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Exodus 19:46; 20:317 comment (0)

July 27, 2006

By Carol Ann Vaughn, Ph.D.

Related Scripture: Exodus 19:46; 20:317

Family Bible Study
Director, Christian Women’s Leadership Center, Samford University

I Will Obey God’s Commandments
Exodus 19:4–6; 20:3–17

Often when people experience liberation from others’ control, they struggle with a loss of guidelines and ask, “Now what?” We decide for ourselves what rules we follow, which rules we disregard, how much discipline and self-control we will practice voluntarily. As the Israelites reveled in their liberation from the Egyptians’ control — like most human beings — they drifted toward anarchy.

This part of the Exodus story emphasizes a new way of life — God’s way — that is better than the extremes of anarchy or oppression. It is built on freedom and commitment.

In Exodus, Leviticus, Numbers and Deuteronomy, there are more than 600 commandments for Jews to follow. They address all aspects of life: health, wealth, relationships and religious rituals, for example. For this reason, religious people asked Jesus which ones He believed were the most important to keep.

Jesus cited the one we find in Deuteronomy 6:4–9 to “love the Lord your God with all your heart and with all your soul and with all your strength.” He added a second one, known as the Golden Rule, to love our neighbors as ourselves (Matt. 22:37–40; Mark 12:29–31). Jesus went a step further with a “new commandment” to “love one another” (John 13:34).

In this passage of Exodus, we see rules given to the people of Israel to follow as evidence of their special relationship with God. These guidelines are often numbered as 10, although there are two different traditions of numbering them.

In one tradition, verses 3–6 are grouped together as the First Commandment; verse 7 is the Second and so on; then verse 17 is divided into the Ninth and 10th commandments. In the other tradition, accepted by most Protestants, verse 3 is the First Commandment; verses 4–6 constitute the Second; verse 7 is the third and so on. Verse 17 is considered one commandment — the 10th.

The number 10 is powerful. Think about the volume of books and programs of “10 steps,” “10 principles,” “10 rules,” etc. The number represents a progression, a list fairly easy to memorize. Every Christian today decides whether to follow the Ten Commandments of this passage, all of the 600-plus commandments and/or the two commands of Jesus. What all people of faith can see is that we please God and help build an enduring society by revering the one God; honoring our parents; and treating others with the utmost respect for their life, marriage and property.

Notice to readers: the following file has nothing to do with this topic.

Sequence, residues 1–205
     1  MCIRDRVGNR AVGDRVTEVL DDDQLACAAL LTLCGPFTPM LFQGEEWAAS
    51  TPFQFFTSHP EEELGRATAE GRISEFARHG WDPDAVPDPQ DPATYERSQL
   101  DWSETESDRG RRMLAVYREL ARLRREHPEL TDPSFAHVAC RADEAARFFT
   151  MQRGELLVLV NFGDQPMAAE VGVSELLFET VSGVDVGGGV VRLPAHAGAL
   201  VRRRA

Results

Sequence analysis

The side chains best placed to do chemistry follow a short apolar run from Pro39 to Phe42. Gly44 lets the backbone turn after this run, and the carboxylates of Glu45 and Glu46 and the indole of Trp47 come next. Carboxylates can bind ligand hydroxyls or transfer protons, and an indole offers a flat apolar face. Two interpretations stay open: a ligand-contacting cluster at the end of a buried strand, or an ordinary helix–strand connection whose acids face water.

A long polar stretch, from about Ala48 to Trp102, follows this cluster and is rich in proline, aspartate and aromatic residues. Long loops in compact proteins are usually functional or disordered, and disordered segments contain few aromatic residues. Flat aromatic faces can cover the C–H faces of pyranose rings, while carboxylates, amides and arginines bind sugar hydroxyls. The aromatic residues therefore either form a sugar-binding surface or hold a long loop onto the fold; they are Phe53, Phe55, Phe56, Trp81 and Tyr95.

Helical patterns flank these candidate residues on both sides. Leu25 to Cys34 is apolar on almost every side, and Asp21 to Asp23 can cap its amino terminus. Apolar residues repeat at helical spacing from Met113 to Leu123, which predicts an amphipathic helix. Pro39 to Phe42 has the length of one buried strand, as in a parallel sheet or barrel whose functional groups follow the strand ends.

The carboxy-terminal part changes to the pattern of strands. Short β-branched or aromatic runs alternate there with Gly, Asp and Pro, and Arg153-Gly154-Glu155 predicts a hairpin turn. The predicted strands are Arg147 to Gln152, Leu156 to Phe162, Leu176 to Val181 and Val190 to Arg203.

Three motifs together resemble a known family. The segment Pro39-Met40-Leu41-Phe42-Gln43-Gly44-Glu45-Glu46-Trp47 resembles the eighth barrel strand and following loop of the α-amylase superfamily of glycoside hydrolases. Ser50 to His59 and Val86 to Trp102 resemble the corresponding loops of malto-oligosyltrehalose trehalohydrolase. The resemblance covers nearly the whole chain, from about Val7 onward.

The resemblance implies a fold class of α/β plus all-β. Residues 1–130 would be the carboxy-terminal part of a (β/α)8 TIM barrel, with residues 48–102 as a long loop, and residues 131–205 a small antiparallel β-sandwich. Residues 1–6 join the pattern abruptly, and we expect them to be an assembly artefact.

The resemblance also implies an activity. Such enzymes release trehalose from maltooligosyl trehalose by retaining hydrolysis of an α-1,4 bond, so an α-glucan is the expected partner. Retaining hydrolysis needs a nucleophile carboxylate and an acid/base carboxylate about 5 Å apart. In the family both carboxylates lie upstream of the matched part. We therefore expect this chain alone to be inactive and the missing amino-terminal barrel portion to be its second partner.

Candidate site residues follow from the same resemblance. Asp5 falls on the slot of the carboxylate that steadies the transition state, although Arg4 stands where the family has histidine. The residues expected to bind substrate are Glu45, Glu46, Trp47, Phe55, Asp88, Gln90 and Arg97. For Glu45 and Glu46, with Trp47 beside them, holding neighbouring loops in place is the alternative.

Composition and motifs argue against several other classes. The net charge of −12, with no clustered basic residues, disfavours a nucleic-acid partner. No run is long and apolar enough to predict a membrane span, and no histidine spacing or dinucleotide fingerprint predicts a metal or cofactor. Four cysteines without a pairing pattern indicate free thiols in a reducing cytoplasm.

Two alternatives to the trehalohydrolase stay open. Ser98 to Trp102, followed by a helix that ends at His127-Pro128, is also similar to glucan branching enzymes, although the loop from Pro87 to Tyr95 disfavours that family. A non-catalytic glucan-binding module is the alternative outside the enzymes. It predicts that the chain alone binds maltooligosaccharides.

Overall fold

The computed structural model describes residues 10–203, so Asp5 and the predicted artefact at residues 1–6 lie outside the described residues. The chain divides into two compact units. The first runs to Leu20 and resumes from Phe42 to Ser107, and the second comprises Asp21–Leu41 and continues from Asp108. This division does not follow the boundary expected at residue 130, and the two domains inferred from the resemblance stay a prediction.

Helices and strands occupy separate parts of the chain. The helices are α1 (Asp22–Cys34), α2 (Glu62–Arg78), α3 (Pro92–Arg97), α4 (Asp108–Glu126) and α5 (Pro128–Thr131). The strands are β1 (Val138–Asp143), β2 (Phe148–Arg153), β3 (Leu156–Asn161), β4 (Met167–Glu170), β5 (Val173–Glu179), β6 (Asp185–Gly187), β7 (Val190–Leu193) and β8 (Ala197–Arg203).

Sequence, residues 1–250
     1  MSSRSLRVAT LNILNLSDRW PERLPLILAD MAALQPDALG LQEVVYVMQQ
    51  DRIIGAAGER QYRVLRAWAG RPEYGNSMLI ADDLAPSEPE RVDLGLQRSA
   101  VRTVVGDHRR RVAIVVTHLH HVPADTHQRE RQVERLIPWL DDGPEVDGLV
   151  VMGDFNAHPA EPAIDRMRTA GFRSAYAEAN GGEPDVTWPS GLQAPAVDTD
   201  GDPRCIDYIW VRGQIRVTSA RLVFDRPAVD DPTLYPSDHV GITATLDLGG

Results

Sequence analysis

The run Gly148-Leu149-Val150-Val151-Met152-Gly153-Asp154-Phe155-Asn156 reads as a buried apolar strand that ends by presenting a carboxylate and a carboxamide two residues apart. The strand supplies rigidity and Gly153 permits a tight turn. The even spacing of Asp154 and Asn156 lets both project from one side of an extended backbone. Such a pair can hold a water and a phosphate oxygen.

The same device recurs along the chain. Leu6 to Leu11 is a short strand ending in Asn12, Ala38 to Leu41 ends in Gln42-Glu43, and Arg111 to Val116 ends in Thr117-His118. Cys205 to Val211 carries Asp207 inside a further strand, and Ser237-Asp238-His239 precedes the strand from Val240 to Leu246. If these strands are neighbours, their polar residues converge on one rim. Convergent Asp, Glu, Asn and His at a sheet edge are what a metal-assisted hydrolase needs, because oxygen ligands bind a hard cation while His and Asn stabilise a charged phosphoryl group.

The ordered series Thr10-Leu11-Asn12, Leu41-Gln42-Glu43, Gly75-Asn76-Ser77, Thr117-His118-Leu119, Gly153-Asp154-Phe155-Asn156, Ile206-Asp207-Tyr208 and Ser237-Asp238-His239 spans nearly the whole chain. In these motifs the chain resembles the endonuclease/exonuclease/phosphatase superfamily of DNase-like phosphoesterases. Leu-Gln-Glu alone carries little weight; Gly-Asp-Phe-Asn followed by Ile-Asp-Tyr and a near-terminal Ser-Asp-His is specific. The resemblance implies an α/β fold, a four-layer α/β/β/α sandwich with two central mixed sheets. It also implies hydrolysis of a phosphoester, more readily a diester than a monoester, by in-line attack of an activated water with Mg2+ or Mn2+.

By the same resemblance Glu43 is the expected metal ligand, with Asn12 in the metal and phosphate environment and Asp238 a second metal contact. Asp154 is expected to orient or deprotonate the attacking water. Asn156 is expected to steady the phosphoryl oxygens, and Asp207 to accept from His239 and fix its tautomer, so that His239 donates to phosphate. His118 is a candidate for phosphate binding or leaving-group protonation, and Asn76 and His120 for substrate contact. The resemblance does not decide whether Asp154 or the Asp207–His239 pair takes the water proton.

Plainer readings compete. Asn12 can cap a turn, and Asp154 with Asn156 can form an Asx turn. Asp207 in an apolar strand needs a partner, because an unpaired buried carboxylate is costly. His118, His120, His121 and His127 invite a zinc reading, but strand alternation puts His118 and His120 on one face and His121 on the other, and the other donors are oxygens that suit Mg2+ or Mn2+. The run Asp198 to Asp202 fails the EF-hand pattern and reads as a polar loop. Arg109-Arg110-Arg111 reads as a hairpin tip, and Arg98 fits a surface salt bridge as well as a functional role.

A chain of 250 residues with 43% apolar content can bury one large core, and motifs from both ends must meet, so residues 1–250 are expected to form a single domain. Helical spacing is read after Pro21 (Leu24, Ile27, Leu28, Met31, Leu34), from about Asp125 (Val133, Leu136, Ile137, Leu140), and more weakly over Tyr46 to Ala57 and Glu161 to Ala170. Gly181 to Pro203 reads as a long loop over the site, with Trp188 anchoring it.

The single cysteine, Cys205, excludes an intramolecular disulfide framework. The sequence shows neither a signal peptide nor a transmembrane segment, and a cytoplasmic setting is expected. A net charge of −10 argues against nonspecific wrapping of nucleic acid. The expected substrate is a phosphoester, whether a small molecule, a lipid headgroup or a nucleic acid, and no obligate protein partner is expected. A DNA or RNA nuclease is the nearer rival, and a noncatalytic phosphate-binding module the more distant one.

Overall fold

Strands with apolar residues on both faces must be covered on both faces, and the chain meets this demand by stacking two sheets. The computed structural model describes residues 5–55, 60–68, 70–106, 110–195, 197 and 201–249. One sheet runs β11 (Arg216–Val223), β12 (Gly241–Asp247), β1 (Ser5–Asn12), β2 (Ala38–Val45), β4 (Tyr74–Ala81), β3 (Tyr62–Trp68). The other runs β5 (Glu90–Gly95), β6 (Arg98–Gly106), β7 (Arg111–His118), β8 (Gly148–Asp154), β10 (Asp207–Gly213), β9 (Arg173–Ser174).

While most of these commandments are stated in terms of what not to do, living God’s way includes doing what is right and good. Paul’s teachings about the purpose of the law demonstrate this. He laid out both requirements, for example, in Philippians 2:3: “Do nothing out of rivalry or conceit, but in humility consider others as more important than yourselves.”

In Galatians 5, we see that “It is for freedom that Christ has set us free. Stand firm, then, and do not let yourselves be burdened again by slavery” (v. 1) because “the only thing that counts is faith expressing itself through love” (v. 6b).

We are called “to be free,” but, we are reminded, “do not use your freedom to indulge the sinful nature; rather, serve one another in love” because “the entire law is summed up in a single command: ‘Love your neighbor as yourself’” (Gal. 5:13–14). 1 Corinthians 13 outlines specific behavior of this love Jesus discussed as the “new commandment.”

In Philippians 4:8, Paul encourages Christians to practice dwelling on “whatever” is true, noble, right, pure, lovely, admirable, excellent or praiseworthy. In Galatians 5:22–23, he lists lifestyles “against which there is no law” as those of love, joy, peace, patience, kindness, goodness, faithfulness, gentleness and self-control. 

As James 2:8 notes, “If you really keep the royal law found in Scripture, ‘Love your neighbor as yourself,’ you are doing right.”

Like the ancient Israelites, by committing to live in covenant with God, we acknowledge our God-given freedom and accept the responsibilities that go with it.

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